Business owners can find getting the balance between work and home quite hard. When it’s your own business you tend you pour hours into it, sometimes letting your home life suffer. If you’re passionate about it, and something you care about, it’s hard not to. Especially when it’s what you and your family survive on to live.
For those in a normal job, finding family time can be a lot easier. Everyone is different, and certain situations may stress some people out more than others. Here are some tips to help you get the balance right. They may not work for you, but they can help you shift your perspective a little and potentially come up with more ideas.
1. Don’t Burn Out.
You might think like you’re doing the right thing by pouring hours into your business, but you can overdo it. You might be working too hard, putting too many hours in. If it is a physical job then you might end up hurting yourself. If you’re a vital driving force in your business, to the extent where it couldn’t exist without you, this could be a catastrophe where you end up looking for help with bankruptcy.
Stay healthy. Don’t work yourself to sickness. Because doing that could be worse for your business. Try to stick to relatively safe hours if at all possible. It isn’t always easy, but it’s better to put the hours in when you have to and then coast, rather than constantly dump all of your time into it and get sick.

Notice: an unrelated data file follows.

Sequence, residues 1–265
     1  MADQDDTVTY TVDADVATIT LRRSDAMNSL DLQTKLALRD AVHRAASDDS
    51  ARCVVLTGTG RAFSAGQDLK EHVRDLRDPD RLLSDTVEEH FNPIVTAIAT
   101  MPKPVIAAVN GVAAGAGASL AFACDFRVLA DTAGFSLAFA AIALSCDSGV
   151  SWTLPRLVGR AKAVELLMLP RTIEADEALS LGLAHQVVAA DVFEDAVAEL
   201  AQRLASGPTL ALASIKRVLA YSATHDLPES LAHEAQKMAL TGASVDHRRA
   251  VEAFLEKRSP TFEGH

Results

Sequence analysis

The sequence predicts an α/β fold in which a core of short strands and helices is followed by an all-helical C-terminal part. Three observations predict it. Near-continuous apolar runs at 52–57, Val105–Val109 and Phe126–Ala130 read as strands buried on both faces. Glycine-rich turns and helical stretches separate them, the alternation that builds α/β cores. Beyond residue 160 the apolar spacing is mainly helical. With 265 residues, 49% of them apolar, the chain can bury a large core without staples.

2. Don’t Take Work Home.
This is so easy to say but so hard to do! Don’t take it home if you can help it. If you operate under business hours try to adhere to them. You’d be better off leaving your laptop at your place of work. If your place of work is your home, lock it in your study! When your first start doing this you might be a little restless, but after a while you’ll get used to it. Keep the phone calls and emails in the office and you’ll get a proper break at home. Sometimes this might not be possible, but during business as usual this should be the case.
3. Manage Expectations.
This includes expectations of your family, and of the people you work with. Your family needs to know you’re running your own business which comes with huge pressure and responsibilities. If they understand why you’re not always there, then they can accept it a little better. The same for the people you work with. This could be employees, other staff, suppliers, partners, etc. They need to know what times you’re available and what times are simply impositions. Lay out these borders clearly so the two lives don’t bleed into each other. People find this difficult if they work erratic hours, which is fair enough, but you can still do it and when your family and work contacts get used to it everything becomes a lot more easier. If people know what to expect of you, it all becomes a bit easier.